These type of disadvantageous scenarios create a situation where the foreigner’s interests must be protected while also remaining legal pursuant to the provisions of the Thai Civil and Commercial Code. In cases such as this, some foreign nationals opt to record a Thai lease. This instrument would provide property enjoyment rights for a maximum of 30 years. Another method that could be employed by a foreigner is the recording of a Thai Mortgage. This method would have the benefit of securing the foreigner’s monetary interest in the property. However, in many cases, the foreigner simply wants to have his interests in his home protected.  If this is the case then it may be best to bifurcate (split) the Title of the Real Estate.

Under Thailand Property Law there are ways of splitting the Thai Title Deed of a residential property. Basically, the foreign national could be designated as the Title holder of the physical residence (house) while the Title to the land remains in the name of a Thai national. By bifurcating the Title in such a way, the foreigner’s interests are better protected. That being said, it would probably be wise to contact a Thailand property lawyer to assist with creating the proper legal instruments as bifurcating Thai Title can be quite complicated and requires dealing with the Land Department of Thailand.

For more information please see property lawyer thailand or bangkok lawyer

(Please be aware: this piece is not legal advice. No lawyer-client relationship is formed by reading this blog post.)

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23rd July 2009

The government of the Kingdom of Thailand has erected many protectionist economic measures. One of the most prevalent legal restrictions imposed upon foreigners in Thailand is the de facto prohibition on land ownership under Thailand Real Estate Law. There is a common misconception that foreigners are not allowed to own land. Technically, this is not the case. In reality, the law states that a foreigner may purchase Thai Real Estate if he or she obtains approval from the Minister of the Interior of Thailand. As a practical matter, obtaining this approval is extremely difficult, if not impossible. The upshot of these restrictions is a virtual bar on foreign ownership of Thai Real Estate.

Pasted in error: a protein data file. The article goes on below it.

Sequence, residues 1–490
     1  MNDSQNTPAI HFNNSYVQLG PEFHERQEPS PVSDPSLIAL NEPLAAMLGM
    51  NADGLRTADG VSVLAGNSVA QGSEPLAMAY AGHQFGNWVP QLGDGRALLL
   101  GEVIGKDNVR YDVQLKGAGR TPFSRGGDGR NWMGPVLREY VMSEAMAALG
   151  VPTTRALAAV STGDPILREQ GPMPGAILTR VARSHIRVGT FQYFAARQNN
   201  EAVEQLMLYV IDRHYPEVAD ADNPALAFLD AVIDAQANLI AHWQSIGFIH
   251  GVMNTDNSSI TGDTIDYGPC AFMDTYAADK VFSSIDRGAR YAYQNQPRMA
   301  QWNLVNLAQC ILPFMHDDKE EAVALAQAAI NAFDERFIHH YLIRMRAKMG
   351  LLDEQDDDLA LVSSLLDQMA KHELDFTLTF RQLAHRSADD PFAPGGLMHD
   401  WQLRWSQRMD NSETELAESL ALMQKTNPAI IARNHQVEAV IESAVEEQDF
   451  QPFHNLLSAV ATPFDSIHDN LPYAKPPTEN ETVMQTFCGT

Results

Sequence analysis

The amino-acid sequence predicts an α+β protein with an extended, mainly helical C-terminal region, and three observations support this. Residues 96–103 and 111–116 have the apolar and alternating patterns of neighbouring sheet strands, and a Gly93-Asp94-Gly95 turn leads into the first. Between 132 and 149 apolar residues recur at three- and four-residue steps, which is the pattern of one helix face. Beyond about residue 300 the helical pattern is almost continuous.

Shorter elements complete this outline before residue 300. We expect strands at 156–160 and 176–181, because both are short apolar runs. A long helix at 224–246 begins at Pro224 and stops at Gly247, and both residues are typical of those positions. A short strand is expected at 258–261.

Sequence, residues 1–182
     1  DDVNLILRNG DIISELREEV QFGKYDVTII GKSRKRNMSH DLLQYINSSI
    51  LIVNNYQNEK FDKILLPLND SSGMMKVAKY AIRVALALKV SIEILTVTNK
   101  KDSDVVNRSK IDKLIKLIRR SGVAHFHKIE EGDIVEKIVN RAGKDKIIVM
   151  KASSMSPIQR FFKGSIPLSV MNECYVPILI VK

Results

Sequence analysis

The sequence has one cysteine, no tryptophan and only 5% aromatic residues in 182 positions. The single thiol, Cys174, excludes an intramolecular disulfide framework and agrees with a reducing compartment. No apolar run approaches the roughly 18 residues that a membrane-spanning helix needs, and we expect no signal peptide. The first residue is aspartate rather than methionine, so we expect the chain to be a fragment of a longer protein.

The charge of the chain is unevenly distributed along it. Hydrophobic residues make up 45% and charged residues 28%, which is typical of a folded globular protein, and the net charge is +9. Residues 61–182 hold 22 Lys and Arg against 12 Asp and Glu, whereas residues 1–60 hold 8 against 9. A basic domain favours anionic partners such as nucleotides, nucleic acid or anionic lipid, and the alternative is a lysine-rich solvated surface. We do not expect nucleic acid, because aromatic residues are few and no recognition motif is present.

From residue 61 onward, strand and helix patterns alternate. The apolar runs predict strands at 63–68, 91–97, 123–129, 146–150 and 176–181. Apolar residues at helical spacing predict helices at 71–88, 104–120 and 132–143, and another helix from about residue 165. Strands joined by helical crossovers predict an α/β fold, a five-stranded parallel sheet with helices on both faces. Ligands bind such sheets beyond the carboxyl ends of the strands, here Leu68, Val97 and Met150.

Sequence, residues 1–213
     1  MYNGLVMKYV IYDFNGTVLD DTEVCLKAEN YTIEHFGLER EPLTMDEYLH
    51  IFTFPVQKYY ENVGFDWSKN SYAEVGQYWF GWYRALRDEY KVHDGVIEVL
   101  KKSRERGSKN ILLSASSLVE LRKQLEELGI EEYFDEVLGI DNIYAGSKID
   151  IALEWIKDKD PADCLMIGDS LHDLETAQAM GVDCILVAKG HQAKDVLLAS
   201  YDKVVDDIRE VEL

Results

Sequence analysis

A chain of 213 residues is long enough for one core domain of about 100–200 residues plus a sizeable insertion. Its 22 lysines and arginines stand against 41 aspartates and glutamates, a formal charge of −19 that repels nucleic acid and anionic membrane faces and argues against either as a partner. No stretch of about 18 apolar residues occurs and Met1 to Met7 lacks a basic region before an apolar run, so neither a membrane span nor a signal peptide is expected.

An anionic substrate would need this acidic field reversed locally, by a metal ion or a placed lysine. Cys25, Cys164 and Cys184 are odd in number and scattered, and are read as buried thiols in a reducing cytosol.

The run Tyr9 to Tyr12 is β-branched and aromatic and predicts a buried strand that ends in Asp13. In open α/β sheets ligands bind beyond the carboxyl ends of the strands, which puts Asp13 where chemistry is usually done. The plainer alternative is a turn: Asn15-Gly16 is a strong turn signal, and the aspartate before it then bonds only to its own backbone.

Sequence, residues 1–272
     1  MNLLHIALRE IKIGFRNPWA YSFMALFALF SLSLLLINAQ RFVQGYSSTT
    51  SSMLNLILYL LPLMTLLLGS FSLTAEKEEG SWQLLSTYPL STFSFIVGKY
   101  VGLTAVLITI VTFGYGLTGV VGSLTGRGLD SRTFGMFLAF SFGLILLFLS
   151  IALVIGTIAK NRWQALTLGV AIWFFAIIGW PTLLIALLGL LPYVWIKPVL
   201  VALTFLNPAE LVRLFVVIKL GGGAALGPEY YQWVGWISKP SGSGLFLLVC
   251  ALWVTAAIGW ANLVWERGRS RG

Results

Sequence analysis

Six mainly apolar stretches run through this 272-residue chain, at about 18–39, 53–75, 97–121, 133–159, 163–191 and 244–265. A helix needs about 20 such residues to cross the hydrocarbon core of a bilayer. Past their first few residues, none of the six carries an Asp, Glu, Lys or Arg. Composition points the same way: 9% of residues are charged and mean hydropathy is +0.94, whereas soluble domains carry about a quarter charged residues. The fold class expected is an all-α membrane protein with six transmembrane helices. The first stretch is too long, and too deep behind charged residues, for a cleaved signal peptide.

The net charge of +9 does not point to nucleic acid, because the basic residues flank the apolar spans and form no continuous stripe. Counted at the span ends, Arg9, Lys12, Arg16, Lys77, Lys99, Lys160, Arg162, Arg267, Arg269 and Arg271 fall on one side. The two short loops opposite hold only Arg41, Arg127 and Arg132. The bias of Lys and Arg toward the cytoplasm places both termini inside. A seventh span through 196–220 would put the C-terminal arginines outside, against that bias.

In Thailand, a freehold Title deed is known as a “Chanote.” Due to the aforementioned legal restrictions it is a virtual impossibility for a foreign national to obtain a Chanote for Thai property. That being said, some years ago the Thai government carved out a legal niche whereby a foreigner could obtain a Freehold Title to a Condominium in Thailand. This exemption is subject to certain conditions. First, the Condo must meet the definition of “Condominium” under the act which means that the paperwork for the building must be completely in order. Another very important aspect of this legislation is the fact that a foreign quota is imposed upon a condominium complex. The law states that foreign ownership may only account for 49% of a condominium’s total number of units. The other 51% must be set aside for those of Thai nationality.

This foreign quota provision can lead to a problem because Condos that are highly desired or in desirable areas are not available for foreign purchase. Further, it can be a great disadvantage to Condominium developers in Thailand because there is generally an income discrepancy between foreign and Thai property buyers. As a result, legal devices are sometimes utilized to circumvent the foreign freehold quota on a Thai condo.

For many years, the classic method of providing foreign control of Thai real property was through the use of a Thai Company to own land. In the recent past, the Thai parliament passed legislation which outlawed the use of “nominee shareholders” in ostensibly Thai companies to own real estate. This mechanism has been employed by Condominium developers to get around the freehold quota. Basically, the developer sets up a Thai company, sell the condo to the company, and then sells the company, that now owns an otherwise quota restricted condo, to a foreigner. As a result, the foreigner owns a company which owns a condo in freehold that could not be legally purchased outright. As with any corporate structure involving “nominees,” the use of nominees is prohibited, but the definition of “nominee” is left somewhat vague under Thai law. Specialized legal advice should be sought where corporate structures are utilized for property ownership.

For more on Special Exemptions under Thai law for foreigners please see Amity Company Thailand

(This article is not legal advice. For such advice contact a licensed lawyer. No Lawyer-Client relationship is formed by reading this piece.)